Canonist; b. Solero, near Alexandria; d. 1763. He entered the Order of the Friars Minor of the strict observance. He became provincial and then lecturer in theology, synodal examiner, and consultor of the Holy Office. He is renowned for his Prompa bibliotheca canonica, juridica, moralis, theologica necnon ascetica, polemica, rubristica historica, prepared at Bologna (1746) in three folio volumes. The principal editions that followed were: Rome 1760–66, 10 v.; 1767, eight v.; Bologna 1763, 1766, nine v.; Venice 1782, with a supplement; Rome 1784–90, nine v. The Benedictines of Monte Cassino put out an edition in 1844, and included the published decrees of the Roman Congregations, which were lacking in the earlier editions. The Congregation of Propaganda with painstaking care published (1885–98) a later edition in nine volumes. The Bibliotheca of Ferraris is in alphabetical dictionary form. Schulte, having recognized the value and practical utility of this format, criticized his having spread out under different words, studies referring to the same subject. He also questioned its historical value, but the arrangement in alphabetical order and the citations of jurisprudence made the work useful and easy to consult. Ferraris endeavored to resolve controverted questions with equity, using the principles of probabilism.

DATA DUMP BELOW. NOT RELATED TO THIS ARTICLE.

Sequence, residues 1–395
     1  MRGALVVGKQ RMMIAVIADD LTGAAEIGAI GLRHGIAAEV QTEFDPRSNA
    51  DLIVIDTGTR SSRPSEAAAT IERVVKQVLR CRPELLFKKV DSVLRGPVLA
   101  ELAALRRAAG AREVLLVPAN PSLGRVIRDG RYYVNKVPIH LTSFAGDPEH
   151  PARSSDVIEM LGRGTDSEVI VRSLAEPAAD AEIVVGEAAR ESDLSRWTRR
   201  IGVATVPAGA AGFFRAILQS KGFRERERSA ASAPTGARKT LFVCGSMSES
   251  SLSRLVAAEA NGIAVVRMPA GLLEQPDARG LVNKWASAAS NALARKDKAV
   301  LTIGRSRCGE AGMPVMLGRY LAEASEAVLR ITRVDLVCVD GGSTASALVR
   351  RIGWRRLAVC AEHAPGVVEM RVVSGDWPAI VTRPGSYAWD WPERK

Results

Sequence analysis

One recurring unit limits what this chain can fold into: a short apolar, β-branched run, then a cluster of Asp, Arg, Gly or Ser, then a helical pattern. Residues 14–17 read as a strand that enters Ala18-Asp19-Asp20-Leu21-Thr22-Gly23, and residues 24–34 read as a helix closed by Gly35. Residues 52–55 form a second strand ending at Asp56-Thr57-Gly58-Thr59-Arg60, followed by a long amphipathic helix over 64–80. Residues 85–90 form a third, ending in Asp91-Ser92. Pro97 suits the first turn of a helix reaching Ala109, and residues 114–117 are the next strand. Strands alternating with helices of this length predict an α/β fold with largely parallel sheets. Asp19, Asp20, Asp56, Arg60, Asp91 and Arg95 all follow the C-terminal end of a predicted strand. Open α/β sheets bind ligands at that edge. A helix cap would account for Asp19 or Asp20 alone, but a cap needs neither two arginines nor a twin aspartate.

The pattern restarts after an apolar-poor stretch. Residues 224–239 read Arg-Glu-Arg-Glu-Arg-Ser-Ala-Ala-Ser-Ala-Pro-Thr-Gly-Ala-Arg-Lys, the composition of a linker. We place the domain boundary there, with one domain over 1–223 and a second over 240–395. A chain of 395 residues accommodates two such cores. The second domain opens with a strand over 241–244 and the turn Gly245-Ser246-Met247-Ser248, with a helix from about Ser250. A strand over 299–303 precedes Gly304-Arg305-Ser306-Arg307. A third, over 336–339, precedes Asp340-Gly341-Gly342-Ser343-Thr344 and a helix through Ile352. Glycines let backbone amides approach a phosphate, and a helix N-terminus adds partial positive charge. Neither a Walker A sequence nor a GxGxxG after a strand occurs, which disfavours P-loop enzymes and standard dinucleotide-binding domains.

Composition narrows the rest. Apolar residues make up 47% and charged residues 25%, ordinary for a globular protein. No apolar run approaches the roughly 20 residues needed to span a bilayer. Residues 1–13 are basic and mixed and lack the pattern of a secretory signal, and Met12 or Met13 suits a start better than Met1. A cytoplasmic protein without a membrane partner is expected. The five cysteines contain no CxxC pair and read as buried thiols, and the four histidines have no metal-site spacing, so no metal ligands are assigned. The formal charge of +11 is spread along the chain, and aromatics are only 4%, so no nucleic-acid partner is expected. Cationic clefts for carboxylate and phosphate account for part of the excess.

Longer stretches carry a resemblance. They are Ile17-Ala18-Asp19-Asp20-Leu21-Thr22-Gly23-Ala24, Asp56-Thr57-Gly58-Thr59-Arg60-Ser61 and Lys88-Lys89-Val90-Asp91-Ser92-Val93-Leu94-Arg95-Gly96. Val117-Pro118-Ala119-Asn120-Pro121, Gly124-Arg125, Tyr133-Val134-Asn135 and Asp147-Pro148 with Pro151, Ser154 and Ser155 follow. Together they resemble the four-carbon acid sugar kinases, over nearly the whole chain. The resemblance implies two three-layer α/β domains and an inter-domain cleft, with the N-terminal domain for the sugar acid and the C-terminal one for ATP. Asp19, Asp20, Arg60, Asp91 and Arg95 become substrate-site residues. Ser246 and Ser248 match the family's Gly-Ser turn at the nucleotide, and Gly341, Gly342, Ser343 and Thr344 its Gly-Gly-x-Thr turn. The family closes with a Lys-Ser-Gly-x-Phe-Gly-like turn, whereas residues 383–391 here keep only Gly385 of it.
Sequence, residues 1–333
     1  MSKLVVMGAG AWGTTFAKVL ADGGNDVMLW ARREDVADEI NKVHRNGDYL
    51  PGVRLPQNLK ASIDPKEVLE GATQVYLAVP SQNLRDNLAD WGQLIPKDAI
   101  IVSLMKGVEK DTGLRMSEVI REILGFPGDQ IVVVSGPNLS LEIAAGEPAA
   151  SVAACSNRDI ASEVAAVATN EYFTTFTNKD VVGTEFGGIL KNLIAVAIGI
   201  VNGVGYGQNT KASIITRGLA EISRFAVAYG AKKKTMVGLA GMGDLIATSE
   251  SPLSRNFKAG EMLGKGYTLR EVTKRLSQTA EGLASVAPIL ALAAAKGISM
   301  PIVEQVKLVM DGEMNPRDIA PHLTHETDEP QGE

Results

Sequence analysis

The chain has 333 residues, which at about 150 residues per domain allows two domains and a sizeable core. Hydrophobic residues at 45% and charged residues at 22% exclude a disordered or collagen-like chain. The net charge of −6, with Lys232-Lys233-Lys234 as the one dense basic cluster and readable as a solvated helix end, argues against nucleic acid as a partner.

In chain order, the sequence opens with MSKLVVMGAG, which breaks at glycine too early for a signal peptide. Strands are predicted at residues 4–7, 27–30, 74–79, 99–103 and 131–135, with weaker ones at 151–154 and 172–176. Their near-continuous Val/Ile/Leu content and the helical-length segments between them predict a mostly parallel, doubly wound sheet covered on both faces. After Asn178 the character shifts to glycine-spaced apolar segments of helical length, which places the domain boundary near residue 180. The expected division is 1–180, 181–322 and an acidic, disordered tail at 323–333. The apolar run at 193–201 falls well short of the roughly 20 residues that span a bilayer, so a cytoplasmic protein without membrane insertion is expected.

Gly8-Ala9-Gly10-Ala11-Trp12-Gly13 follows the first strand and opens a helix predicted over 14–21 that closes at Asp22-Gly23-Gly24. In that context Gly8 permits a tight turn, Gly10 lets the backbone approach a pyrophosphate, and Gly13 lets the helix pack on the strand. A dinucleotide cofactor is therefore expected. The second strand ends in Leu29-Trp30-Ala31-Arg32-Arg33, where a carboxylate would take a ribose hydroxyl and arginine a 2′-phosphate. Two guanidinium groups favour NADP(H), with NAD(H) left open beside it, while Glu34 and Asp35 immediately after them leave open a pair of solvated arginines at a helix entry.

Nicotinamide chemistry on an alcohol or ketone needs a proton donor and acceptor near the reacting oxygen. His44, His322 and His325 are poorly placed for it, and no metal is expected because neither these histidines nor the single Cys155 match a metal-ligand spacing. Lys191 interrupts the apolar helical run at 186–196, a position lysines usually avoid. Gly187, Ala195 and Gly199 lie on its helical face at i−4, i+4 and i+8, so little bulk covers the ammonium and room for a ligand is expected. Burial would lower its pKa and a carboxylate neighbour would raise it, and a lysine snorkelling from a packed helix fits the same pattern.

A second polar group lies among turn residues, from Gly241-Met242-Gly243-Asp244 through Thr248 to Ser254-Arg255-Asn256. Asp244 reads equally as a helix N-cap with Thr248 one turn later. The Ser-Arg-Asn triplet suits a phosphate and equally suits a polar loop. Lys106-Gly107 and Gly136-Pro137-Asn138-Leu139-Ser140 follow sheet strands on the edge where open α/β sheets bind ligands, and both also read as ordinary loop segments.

Bibliography: j. f. von schulte, Die Geschichte der Quellen und der Literatur des kanonischen Rechts 3.1:531. e. h. vollet, Grande encyclopédie, ed. a. berthelot, 31 v. (Paris 1886–1902) 17:317. g. le pointe, Dictionnaire de droit canonique 5:831. a. m. stickler, Historia iuris canonici latini 320, 349.
[t. d. dougherty]